Crossing the T

Life at the intersection of Church and Trans with Rev. Allyson Robinson

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In the face of your enemies, in the face of harassment, ridicule, and doubt, you held firm in your faith. Even in your abandonment, alone and without friends, you held firm in your faith. Even as you faced your own mortality, you held firm in your faith. I pray that I may be as bold in my beliefs as you, St. Joan. I ask that you ride alongside me in my own battles. Help me be mindful that what is worthwhile can be won when I persist. Help me hold firm in my faith. Help me believe in my ability to act well and wisely. Amen.

A Prayer to St. Joan of Arc for Faith

The photo in the banner image above is of the statue of Saint Jeanne d’Arc, known to us as Joan of Arc, in the Cathedral de Notre Dame de Paris.

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The story of Joan of Arc is one of the most widely known of all the saints. Wikipedia offers this sketch:

Joan of Arc, or Jeanne d’Arc in French, (c. 1412 – May 30, 1431) was a 15th century national heroine of France. She was tried and executed for heresy when she was only 19 years old. The judgment was broken by the Pope and she was declared innocent and a martyr 24 years later. She was beatified in 1909 and canonized as a saint in 1920.

Joan asserted that she had visions from God which told her to recover her homeland from English domination late in the Hundred Years’ War. The uncrowned King Charles VII sent her to the siege at Orléans as part of a relief mission. She gained prominence when she overcame the dismissive attitude of veteran commanders and lifted the siege in only nine days. Several more swift victories led to Charles VII’s coronation at Reims and settled the disputed succession to the throne.

The renewed French confidence outlasted her own brief career. She refused to leave the field when she was wounded during an attempt to recapture Paris that autumn. Hampered by court intrigues, she led only minor companies from then onward and fell prisoner at a skirmish near Compiègne the following spring. A politically motivated trial convicted her of heresy. The English regent John of Lancaster, 1st Duke of Bedford had her burnt at the stake in Rouen. She had been the heroine of her country at the age of 17 and died when only 19 years old. Some 24 years later, Pope Callixtus III reopened the case, and a new finding overturned the original conviction. Her piety to the end impressed the retrial court. Pope Benedict XV canonized her on May 16, 1920.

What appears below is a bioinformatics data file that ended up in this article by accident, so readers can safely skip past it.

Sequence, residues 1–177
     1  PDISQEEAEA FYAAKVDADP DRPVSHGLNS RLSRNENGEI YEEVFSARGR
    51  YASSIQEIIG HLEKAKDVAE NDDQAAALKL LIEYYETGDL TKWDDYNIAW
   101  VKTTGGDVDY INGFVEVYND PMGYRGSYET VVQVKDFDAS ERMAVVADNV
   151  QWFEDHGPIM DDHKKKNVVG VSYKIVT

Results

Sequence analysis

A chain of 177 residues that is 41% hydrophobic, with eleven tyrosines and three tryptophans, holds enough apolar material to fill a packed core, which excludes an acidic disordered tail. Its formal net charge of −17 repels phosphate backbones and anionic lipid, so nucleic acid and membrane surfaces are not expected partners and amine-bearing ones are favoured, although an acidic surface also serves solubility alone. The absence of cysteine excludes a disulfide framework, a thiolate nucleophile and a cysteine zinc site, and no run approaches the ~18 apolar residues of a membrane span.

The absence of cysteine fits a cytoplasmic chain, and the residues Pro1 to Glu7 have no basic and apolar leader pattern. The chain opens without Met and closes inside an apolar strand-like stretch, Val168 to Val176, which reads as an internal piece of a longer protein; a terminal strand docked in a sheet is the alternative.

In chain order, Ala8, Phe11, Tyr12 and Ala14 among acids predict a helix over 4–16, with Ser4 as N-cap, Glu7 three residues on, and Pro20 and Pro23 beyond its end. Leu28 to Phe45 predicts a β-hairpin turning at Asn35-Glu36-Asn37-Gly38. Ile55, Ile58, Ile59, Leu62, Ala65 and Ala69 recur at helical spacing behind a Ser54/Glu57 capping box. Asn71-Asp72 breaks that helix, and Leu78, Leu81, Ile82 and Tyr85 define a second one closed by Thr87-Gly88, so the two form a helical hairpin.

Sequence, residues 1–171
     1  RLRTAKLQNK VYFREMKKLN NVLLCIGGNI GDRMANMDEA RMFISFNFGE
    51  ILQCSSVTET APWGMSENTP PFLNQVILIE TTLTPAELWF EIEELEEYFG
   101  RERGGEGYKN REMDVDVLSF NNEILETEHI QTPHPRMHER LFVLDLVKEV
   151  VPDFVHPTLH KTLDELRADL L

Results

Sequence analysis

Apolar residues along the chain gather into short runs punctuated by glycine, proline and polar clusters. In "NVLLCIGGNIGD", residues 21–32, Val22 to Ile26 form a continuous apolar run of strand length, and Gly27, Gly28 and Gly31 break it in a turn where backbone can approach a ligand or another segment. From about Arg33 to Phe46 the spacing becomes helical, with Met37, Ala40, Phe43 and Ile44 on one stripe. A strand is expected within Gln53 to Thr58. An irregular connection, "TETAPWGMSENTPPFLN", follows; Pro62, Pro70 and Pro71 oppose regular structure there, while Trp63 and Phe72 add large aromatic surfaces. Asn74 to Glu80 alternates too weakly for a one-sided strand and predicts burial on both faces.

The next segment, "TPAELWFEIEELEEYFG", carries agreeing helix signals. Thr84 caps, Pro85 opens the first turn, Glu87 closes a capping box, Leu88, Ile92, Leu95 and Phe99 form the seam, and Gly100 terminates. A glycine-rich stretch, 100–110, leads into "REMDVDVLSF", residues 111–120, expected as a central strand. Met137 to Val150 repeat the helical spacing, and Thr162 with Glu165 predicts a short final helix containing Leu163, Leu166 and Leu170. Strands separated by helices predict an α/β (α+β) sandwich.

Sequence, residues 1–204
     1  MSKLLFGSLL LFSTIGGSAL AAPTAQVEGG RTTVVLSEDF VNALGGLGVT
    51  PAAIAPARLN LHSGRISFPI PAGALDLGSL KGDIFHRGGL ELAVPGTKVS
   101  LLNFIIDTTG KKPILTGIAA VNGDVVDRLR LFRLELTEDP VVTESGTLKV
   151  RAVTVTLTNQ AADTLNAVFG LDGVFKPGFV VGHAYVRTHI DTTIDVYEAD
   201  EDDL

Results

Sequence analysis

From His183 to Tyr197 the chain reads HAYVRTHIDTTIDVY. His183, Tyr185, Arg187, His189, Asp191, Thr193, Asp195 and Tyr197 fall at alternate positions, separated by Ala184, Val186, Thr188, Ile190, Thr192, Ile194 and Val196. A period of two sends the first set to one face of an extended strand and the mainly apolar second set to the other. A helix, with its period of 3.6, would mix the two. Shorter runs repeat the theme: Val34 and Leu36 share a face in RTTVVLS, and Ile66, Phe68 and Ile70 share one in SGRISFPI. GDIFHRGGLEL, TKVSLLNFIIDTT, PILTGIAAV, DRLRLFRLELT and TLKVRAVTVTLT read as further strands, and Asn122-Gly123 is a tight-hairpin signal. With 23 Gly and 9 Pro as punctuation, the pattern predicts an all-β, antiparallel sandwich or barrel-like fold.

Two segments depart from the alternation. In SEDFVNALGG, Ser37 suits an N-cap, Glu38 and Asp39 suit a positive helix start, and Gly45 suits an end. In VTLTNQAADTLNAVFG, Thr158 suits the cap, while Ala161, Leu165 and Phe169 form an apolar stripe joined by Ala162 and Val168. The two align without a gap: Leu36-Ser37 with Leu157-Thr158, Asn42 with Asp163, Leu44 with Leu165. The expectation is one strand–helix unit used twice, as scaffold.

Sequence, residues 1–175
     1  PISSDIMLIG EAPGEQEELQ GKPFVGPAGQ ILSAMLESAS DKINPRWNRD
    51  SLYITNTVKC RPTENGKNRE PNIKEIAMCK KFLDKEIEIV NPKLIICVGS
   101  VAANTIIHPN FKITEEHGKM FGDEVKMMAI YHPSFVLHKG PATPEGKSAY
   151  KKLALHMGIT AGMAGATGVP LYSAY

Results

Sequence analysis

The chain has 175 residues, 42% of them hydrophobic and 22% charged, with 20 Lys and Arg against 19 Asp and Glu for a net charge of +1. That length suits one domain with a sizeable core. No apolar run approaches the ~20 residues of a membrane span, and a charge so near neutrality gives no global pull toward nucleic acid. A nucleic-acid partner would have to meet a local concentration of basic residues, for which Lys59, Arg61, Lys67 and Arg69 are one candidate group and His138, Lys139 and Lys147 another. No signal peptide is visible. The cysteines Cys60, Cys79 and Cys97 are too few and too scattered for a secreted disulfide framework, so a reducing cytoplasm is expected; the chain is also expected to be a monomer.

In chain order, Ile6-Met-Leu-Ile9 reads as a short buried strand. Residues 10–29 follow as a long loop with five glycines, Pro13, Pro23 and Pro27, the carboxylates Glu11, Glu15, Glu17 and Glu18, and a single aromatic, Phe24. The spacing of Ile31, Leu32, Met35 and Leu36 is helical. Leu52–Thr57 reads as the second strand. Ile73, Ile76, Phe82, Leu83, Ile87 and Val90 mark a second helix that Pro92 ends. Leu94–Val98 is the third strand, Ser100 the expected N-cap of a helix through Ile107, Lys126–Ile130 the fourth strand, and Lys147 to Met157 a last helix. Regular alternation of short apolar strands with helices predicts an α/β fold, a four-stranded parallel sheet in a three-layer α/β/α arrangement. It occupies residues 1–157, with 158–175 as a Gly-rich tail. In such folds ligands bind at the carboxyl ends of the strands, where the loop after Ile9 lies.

The fact that Joan cut off her hair and dressed in men’s clothes in an attempt to force the royal court and the military leadership to take her and her visions seriously is also well known. The fact that she was ultimately murdered for it, however, is not. Again, from Wikipedia:

Joan wore men’s clothing between her departure from Vaucouleurs and her abjuration at Rouen. This raised theological questions in her own era and raised other questions in the twentieth century. The technical reason for her execution was a biblical clothing law [Deut. 22:5, “A woman shall not wear man’s clothing, nor shall a man put on a woman’s clothing; for whoever does these things is an abomination to the LORD your God“]. The nullification trial reversed the conviction in part because the condemnation proceeding had failed to consider the doctrinal exceptions to that stricture.

Doctrinally speaking, she was safe to disguise herself as a page during a journey through enemy territory and she was safe to wear armor during battle. The Chronique de la Pucelle states that it deterred molestation while she was camped in the field. Clergy who testified at her rehabilitation trial affirmed that she continued to wear male clothing in prison to deter molestation and rape. Preservation of chastity was another justifiable reason for crossdressing: her apparel would have slowed an assailant, and men would be less likely to think of her as a sex object in any case.

She referred the court to the Poitiers inquiry when questioned on the matter during her condemnation trial. The Poitiers record no longer survives but circumstances indicate the Poitiers clerics approved her practice. In other words, she had a mission to do a man’s work so it was fitting that she dress the part. She also kept her hair cut short through her military campaigns and while in prison. Her supporters, such as the theologian Jean Gerson, defended her hairstyle, as did Inquisitor Brehal during the Rehabilitation trial.

Joan may not be the patroness of the transgender community, but she does represent for me someone who transgressed gender norms to serve God and others, and who became a martyr for doing so. In this sense, she is my sister.

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1 Comment

[…] 28, 2008 at 10:07 pm · Filed under Meta I’ve recently updated the “About the Banner Image” page with a traditional prayer to St. Joan of Arc for faith.  It inspires me every time I […]


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